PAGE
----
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Death of a loved one as a POW must have been particularly sad and stressful for their next-of-kin, a double misfortune to bear. Living in a country where the dead of past wars are being forgotten for political and cultural reasons, it is encouraging to see that this does not happen in countries with a well-educated and cultured population.

I have a South African friend who has settled in Taiwan and, when I last heard from him in early November last year, he wrote as follows:

"I'm in the midst of preparations for remembrance week. Apart from the big Remembrance Sunday event for the former allied nations at the memorial at the site of the former Kinkaseki POW Camp, we have a dedication of a memorial at the site of the Karenko POW Camp where the Allied high command and top civil officials were held following the falls of Singapore/Malaya, Dutch East Indies, Hong Kong and the Philippines and islands like Guam etc. We have the family of Maj Gen Merton Beckwith-Smith OC of 18th (British) Div captured at Singapore attending. Beckwith-Smith died in the camp on 11 November 1942."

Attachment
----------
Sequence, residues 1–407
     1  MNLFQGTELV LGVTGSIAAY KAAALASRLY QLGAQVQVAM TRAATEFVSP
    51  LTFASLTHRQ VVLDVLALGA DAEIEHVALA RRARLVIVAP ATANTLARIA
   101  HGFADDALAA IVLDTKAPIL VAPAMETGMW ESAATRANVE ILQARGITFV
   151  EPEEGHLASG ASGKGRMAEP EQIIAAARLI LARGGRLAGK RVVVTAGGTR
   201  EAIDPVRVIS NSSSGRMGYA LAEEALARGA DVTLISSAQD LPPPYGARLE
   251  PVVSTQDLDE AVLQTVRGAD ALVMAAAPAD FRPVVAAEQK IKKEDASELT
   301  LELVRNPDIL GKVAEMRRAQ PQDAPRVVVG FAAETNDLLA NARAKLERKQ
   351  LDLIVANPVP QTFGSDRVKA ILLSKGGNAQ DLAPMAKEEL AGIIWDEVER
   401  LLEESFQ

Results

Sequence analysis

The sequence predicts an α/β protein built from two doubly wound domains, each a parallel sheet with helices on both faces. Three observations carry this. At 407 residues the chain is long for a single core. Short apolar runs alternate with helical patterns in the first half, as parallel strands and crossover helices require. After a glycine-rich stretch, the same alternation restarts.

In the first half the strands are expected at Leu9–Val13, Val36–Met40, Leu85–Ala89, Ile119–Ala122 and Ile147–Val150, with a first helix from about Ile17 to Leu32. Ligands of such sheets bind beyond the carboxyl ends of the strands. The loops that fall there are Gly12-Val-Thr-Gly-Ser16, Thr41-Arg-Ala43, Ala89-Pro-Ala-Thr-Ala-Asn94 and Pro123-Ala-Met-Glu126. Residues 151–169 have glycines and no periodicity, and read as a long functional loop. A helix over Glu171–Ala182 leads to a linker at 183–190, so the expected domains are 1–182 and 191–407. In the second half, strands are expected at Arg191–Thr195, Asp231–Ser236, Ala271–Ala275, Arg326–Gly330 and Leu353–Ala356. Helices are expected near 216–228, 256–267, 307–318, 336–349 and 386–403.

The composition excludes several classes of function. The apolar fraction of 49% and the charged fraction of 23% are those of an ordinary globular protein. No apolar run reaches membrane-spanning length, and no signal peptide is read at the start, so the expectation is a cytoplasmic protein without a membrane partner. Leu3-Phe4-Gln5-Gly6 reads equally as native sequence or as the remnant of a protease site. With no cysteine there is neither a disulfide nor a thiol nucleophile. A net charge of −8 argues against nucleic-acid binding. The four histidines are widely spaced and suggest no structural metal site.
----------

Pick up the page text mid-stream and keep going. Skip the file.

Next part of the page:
Had Beckwith-Smith died in South Africa, I can confidently say that, since 11 November passes largely without the honouring of war dead, the 60th anniversary of his death on that tragic day in the calendar would have received no civic recognition.



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What a shame that is the situation in S. Africa. I guess the majority don't think about how their grandfathers and great grandfathers were in uniform in both world wars. Perhaps they look at it as just an imperialist issue. Here in the States, the indigenous peoples are very proud about their service and their ancestors' service all the way back to the Indian campaigns. Thanks for the info on what happened in Taiwan recently. I'm not sure if the bulk of Asians will ever forgive or forget the Japanese atrocities; even in a couple of generations. I have students who talk of those atrocities as though they happened yesterday and they were born fifty years or more after the surrender. The Japanese really don't seem to have a clue how the world feels about what they did.

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  • 2 weeks later...

A WWI PoW group in the collection, which is confirmed on the MIC and is important when collecting PoW medals for WWI.

8576 Pte. H. Hudson 2nd Royal Scots

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A group for a PoW from the first battle of El Alamein.